diverse => 'ethnically different'

Laurence Horn laurence.horn at YALE.EDU
Wed Jan 19 18:20:32 UTC 2011

At 12:37 PM -0500 1/19/11, Victor Steinbok wrote:
>This really reeks of use/misuse distinction or, at least, the assumption
>of "non-standard" usage. But we already have a parallel in "coed".
>Certainly, "coed" means something that involves an educational
>opportunity for both sexes--whether it's an entire school, a college
>dorm or something else. But "coed" is often used to indicate women only
>and has been nouned in that sense--when some Neanderthal refers to a
>"sexy coed" he certainly does not imply any sense of androgeny. Are you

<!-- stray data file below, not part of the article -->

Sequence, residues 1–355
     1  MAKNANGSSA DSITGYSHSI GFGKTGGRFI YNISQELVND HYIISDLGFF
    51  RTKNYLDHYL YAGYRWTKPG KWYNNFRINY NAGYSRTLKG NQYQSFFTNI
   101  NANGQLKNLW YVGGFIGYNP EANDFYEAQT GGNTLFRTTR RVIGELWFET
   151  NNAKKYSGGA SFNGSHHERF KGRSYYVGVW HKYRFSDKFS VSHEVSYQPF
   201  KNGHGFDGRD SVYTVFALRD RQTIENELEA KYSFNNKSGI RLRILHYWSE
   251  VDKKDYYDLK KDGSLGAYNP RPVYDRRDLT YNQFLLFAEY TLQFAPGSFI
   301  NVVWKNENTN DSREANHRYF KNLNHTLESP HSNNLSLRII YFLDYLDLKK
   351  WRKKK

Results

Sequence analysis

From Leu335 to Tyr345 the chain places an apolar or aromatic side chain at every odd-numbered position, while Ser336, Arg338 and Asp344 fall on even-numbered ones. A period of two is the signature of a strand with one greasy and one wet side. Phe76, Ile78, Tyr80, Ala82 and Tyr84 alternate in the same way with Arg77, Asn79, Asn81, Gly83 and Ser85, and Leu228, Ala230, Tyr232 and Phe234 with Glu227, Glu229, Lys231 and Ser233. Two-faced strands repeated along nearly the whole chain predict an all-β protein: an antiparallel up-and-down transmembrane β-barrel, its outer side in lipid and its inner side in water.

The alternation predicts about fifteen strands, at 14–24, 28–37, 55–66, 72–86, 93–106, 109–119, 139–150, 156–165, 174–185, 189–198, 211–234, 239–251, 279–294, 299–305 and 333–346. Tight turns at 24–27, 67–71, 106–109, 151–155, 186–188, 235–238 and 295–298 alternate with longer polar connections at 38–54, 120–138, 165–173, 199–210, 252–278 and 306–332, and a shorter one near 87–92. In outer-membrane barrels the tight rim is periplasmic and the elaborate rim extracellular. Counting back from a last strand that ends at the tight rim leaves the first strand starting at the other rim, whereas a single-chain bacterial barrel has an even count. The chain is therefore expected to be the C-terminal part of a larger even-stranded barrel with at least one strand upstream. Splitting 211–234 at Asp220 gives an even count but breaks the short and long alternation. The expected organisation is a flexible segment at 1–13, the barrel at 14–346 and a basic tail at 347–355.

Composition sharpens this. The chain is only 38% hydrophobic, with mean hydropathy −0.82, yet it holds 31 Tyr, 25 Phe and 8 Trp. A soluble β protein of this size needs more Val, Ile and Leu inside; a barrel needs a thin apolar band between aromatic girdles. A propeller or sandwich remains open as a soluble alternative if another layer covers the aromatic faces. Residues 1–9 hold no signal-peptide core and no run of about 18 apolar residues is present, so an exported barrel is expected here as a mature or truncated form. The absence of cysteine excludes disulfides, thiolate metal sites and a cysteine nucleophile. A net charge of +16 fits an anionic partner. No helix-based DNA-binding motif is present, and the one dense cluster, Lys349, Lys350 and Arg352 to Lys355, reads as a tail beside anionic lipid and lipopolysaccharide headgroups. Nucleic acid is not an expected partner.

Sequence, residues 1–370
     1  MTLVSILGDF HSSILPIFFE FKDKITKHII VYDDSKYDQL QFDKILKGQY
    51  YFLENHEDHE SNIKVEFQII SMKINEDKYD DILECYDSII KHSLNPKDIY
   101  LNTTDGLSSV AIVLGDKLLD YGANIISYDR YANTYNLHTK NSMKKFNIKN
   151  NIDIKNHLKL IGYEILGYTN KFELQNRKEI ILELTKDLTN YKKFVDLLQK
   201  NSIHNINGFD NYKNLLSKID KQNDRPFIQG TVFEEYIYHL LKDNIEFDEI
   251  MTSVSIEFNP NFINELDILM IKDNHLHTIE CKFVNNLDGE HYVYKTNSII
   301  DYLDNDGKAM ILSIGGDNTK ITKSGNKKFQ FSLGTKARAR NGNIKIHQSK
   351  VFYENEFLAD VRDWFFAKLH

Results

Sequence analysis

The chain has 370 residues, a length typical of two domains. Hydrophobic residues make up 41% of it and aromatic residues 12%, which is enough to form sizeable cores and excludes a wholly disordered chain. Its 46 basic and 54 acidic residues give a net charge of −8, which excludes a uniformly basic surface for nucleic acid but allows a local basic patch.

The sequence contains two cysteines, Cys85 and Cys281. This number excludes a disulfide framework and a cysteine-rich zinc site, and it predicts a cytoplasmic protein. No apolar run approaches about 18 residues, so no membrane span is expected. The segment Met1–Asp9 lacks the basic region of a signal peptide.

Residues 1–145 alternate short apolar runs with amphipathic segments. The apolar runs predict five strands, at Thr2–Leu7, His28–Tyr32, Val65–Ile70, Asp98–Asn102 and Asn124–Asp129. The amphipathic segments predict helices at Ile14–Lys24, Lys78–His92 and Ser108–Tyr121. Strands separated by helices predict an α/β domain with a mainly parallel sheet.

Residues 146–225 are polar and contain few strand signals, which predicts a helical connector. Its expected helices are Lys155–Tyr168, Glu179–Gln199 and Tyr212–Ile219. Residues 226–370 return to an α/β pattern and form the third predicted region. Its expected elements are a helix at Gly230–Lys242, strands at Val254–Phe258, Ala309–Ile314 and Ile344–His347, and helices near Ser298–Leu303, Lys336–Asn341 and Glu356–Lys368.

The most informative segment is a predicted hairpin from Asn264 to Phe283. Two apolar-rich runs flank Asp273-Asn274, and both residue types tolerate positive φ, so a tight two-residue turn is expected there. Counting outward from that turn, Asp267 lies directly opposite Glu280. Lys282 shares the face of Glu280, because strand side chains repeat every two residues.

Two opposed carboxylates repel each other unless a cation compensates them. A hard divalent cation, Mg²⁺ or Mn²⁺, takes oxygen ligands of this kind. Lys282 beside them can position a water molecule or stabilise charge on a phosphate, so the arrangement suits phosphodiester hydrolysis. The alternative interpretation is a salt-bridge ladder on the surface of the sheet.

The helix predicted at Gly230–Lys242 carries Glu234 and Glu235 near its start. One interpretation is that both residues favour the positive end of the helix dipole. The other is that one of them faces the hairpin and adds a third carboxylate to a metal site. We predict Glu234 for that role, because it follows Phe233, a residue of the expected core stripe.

>going to say that when used in that context that it "does not MEAN"
>women[-only] but that "we INFER that that is the intended sense"? Or do
>you simply imply that there is a difference between the two because
>"coed" has been around much longer with its dual meanings?
>      VS-)

While that "coed" *as a noun* has this restricted meaning, "coed" as
an adjective ("coed dorms", "coed college", "coed toilet", "coed
showers", "coed (naked) volleyball", etc., just designates
mixed-sex/unisex.  This is part of the general conspiracy involving
nouns vs. non-nouns as described by Bolinger, Wierzbicka and others
and discussed on the list in earlier threads.  A parallel, although
less dramatic, contrast is "blond(e)" as a unisex adjective vs.
"blonde" as a <+fem> noun (a man is less likely to be described as "a


The American Dialect Society - http://www.americandialect.org

More information about the Ads-l mailing list